According to the National Sleep Foundation in America:

Non-Rapid Eye Movement (NREM) or "quiet" sleep. During the deep states of NREM sleep, blood supply to the muscles is increased, energy is restored, tissue growth and repair occur, and important hormones are released for growth and development.

Rapid Eye Movement(REM) or "active" sleep. During REM sleep, our brains are active and dreaming occurs. Our bodies become immobile, breathing and heart rates are irregular.

Babies spend 50 percent of their time in each of these states and the sleep cycle is about 50 minutes. At about six months of age, REM sleep comprises about 30 percent of sleep. By the time children reach preschool age, the sleep cycle is about every 90 minutes.

Therefore sleep, and in particular a good sleep cycle is paramount to your baby's wellbeing and development. So, what can you do? Here are my top tips to ensure you are using your baby car seat safely:

1. Minimise the time your baby is in a seat. Whilst it may be more convenient to just lift a car seat on to a pram frame it certainly isn't what's best for your baby. Where possible use a pram that allows your baby to lay flat especially when sleeping! Limit the time that your baby is in a seat of any kind to a maximum of 2 hours across the whole day. If you have to travel long distances make sure you take breaks and give your baby time out of their seat every 30mins.

2. Put baby on the floor! Time to lay flat is just as important when baby is awake as you can encourage their natural development of their spine and control over muscles by interacting with them.

3. Tummy Time! Due to the recommendations to reduce the risk of cot death, many mums are scared to put their baby on their tummy. However, spending time on their tummy when baby is awake is vital to their physical development both for their spine and gaining control of neck muscles and eventually pushing up on their arms in preparation for crawling.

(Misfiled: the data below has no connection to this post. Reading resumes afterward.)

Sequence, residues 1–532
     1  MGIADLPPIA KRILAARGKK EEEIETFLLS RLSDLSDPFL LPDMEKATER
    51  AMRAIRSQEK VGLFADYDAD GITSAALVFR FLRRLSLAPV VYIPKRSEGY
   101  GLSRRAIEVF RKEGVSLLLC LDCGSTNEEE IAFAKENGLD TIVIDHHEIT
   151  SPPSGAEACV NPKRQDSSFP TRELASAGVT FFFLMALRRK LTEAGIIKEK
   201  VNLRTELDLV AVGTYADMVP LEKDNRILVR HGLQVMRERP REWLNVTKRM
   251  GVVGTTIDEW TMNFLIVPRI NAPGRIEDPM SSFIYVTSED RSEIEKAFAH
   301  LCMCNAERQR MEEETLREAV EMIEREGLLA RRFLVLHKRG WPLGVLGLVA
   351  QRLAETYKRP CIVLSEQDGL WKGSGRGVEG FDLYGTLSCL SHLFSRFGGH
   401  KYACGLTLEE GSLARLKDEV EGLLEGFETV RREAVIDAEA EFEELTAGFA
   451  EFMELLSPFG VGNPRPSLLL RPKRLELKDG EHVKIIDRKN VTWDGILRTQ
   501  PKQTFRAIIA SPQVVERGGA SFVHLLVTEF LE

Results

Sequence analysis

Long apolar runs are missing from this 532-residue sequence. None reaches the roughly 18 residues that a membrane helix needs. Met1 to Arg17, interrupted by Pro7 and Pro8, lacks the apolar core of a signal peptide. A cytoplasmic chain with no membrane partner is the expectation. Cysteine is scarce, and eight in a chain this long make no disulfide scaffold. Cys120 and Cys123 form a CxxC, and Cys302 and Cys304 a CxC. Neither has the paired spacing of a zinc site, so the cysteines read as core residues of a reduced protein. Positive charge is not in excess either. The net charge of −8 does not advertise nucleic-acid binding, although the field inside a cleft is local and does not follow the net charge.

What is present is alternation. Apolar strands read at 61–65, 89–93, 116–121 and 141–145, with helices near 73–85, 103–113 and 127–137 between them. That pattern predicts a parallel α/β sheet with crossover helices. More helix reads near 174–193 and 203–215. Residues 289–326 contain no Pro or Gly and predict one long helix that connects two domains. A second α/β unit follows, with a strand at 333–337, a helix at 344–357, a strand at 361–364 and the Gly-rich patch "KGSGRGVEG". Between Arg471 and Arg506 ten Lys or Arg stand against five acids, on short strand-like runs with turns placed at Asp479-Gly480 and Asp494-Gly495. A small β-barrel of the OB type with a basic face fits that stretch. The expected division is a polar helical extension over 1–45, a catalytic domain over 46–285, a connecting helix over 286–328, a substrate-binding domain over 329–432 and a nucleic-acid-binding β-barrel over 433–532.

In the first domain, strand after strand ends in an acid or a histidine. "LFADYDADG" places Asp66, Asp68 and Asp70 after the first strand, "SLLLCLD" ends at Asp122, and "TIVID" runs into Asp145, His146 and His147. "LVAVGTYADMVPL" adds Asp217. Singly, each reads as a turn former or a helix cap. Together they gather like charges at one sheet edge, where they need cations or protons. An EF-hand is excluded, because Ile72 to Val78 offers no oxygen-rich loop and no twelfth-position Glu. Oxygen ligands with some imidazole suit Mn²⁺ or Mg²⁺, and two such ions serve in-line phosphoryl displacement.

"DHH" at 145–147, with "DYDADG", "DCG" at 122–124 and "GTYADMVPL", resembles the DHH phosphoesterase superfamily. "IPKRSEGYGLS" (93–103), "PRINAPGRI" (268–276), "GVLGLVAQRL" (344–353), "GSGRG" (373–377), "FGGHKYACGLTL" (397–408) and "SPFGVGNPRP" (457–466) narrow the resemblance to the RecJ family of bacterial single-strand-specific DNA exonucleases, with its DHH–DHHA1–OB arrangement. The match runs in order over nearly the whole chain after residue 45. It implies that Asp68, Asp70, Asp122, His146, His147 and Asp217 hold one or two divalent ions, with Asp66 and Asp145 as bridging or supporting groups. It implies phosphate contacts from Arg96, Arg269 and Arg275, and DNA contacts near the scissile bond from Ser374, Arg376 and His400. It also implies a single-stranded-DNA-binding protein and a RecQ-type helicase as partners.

4. Age appropriate! Make sure that any seat you use is appropriate for the age and developmental stage of your baby. It is always better for you to hold your baby and interact with them to encourage the development of their muscles before introducing a new piece of equipment so you are confident of its safe use as using things before your baby has full control of any muscles (neck, stomach & back and legs etc) can put your baby at risk.

5. Sleep! Now I am not suggesting you confine yourself to the house for the first 6 weeks like 40 years ago but DO allow your baby time to sleep in a suitable environment and DO allow them to settle in to a good sleeping pattern, Babyopathy can help you do this. DON'T be afraid to move your baby from their car seat to lay them flat in case you wake them. They will also begin to recognise that lying flat and settling themselves if they wake is part of their sleep routine.